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JIS News

The government of Jamaica, through the Possibility Programme, is working to improve the lot of street boys by providing them with the tools and support to enable them to maximize their true potential.
Instituted by Prime Minister P. J. Patterson in August 2001, the initiative has the ultimate goal of eliminating the need for the boys to be on the streets and to break the cycle of poverty.
“We saw the boys at the intersections and thought that was not the kind of image of Jamaica we want to see for our young people and when we went to the Prime Minister with the idea about doing something about it. He endorsed it fully and suggested that we ought to develop a programme that would meet the needs of the boys,” explains project chairman, Dr. Jaslin Salmon.
He tells JIS News that under the initiative, more than 25 boys have been taken from the streets of Kingston and St. Catherine and have been equipped with skills to contribute to their own development.
The Possibility Programme involves collaboration among government ministries and agencies, the non-government community, the police, church groups and private persons, to meet the social/emotional needs of these at-risk youth and to address their skills and employment needs as well. In keeping with this holistic approach, the programme operates from three centres: a Care Centre, a Behaviour Modification/Re-socialization Centre, and a Skills/Employment Centre.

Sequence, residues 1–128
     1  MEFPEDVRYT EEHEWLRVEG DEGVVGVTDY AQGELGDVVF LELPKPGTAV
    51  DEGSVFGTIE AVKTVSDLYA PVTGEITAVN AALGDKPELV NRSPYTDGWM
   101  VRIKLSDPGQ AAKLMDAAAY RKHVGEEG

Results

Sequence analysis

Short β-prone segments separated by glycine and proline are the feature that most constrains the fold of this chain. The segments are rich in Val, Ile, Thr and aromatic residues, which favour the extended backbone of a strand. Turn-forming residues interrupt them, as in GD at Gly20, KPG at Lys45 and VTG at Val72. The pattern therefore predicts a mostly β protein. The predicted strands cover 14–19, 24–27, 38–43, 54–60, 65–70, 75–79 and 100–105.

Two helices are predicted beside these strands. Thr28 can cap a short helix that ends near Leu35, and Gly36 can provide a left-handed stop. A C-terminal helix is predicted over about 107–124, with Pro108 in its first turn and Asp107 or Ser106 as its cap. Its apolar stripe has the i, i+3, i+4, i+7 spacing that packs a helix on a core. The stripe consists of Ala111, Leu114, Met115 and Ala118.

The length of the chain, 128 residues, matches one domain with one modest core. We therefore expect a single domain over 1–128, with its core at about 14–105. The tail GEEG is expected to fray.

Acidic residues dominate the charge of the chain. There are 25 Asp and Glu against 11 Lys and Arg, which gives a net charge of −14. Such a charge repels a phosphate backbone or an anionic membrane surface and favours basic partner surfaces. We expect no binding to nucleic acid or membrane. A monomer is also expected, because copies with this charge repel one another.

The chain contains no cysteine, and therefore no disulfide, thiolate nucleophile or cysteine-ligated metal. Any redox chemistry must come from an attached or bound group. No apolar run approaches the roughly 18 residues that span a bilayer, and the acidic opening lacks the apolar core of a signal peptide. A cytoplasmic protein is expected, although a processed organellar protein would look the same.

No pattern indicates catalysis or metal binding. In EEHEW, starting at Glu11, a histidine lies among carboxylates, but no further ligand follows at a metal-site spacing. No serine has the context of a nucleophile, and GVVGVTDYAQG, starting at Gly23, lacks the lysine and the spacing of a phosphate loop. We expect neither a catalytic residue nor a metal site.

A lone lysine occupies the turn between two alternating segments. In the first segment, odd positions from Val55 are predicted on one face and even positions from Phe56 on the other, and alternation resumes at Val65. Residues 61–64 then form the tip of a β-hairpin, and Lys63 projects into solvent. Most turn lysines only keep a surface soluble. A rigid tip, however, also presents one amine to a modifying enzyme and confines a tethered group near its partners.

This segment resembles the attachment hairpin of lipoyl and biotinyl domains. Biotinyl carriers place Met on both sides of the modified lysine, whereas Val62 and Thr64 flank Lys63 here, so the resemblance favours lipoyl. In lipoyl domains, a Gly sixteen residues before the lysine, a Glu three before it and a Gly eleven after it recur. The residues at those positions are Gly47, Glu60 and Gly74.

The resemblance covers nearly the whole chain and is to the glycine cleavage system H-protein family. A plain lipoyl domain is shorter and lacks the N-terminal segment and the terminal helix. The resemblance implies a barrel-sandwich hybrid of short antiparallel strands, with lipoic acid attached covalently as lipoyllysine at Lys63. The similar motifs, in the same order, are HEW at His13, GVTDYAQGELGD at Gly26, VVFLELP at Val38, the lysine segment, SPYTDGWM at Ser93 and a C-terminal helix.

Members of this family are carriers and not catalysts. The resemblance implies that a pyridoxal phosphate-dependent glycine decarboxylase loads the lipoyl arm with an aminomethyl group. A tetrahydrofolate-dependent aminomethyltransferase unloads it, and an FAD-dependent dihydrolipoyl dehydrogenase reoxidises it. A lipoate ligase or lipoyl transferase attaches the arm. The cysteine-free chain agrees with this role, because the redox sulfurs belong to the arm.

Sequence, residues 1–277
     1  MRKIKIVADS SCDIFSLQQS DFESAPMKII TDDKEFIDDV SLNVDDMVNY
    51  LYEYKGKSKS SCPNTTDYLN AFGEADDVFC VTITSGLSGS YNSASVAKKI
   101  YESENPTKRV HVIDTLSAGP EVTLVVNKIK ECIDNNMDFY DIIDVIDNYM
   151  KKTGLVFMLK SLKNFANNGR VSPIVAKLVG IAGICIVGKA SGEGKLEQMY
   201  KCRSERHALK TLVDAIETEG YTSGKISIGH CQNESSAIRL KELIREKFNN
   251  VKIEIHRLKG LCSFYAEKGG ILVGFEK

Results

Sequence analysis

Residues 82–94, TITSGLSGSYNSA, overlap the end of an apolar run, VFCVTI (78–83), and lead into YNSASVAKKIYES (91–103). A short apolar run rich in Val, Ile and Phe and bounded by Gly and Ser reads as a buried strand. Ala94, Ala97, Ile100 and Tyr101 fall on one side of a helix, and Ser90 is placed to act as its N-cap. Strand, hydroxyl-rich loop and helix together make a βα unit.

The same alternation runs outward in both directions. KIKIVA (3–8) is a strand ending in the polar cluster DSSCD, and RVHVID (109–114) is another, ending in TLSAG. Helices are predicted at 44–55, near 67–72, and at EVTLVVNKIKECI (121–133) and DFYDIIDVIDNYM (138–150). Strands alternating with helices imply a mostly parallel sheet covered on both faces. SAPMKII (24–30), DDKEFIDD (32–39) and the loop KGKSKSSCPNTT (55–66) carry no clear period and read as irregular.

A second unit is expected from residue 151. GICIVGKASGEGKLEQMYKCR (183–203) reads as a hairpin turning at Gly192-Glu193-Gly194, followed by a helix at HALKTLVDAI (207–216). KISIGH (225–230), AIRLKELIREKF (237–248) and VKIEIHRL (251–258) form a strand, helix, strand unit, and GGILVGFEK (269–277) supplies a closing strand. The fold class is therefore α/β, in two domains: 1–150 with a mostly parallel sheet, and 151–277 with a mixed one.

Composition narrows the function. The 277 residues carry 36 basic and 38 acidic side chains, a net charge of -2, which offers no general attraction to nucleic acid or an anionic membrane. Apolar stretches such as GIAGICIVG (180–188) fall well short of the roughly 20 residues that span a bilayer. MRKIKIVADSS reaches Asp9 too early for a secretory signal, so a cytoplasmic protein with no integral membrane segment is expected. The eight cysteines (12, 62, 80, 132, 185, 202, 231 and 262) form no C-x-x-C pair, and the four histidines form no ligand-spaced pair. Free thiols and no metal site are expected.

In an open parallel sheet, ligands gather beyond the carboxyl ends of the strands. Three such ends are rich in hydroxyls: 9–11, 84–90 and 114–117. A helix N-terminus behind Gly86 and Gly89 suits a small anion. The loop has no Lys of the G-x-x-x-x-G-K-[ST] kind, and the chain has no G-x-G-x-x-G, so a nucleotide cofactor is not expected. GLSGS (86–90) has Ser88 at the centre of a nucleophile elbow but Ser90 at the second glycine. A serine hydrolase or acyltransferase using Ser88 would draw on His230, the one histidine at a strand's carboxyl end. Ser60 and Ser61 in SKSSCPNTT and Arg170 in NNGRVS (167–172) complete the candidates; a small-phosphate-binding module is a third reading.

The St. Andrew Care Centre, operated by the St. Andrew Parish Church, is the hub for the programme. It operates as the intake, assessment and referral facility and serves as a focal point, linking together all agencies that deal with youth and children, who are at risk. The facility is staffed by social workers and other personnel trained in childcare and development. At this centre, the youngsters are evaluated and referred to the relevant social service agencies for follow-up action and support.
At the Behaviour Modification Centre operated by the Jamaica Defence Force from its Newcastle base in St. Andrew, the boys are taken through “an intense programme of re-socializaton”, Dr. Salmon informs. The Kingston Restoration Company offers support in this area.
The third component is the Skills/Employment Centre, which takes in the older boys from 15 to 18 years and there they receive training in areas such as leather craft and shoe care. “We also give them literacy and numeracy training and those who are not particularly keen on leather craft or shoe care, after we have taken them through a programme of re-socialization and remediation, we refer them to other agencies to do auto mechanic, automotive painting, carpentry or electrical work or wherever we can find,” Dr. Salmon informs.
Although still in its pilot phase, Dr. Salmon points out that the Possibility Programme has been quite successful. “We are proud to say we have rescued a number of boys. We sent for example seven boys to Sherwin Williams where the company takes them in and teach them automotive painting and architectural painting and after they graduated, we seek to put them into apprenticeship and we have at least two boys permanently employed as a result of the programme. We have also had boys going to work in construction, fast food outlets and a number of other companies,” he informs.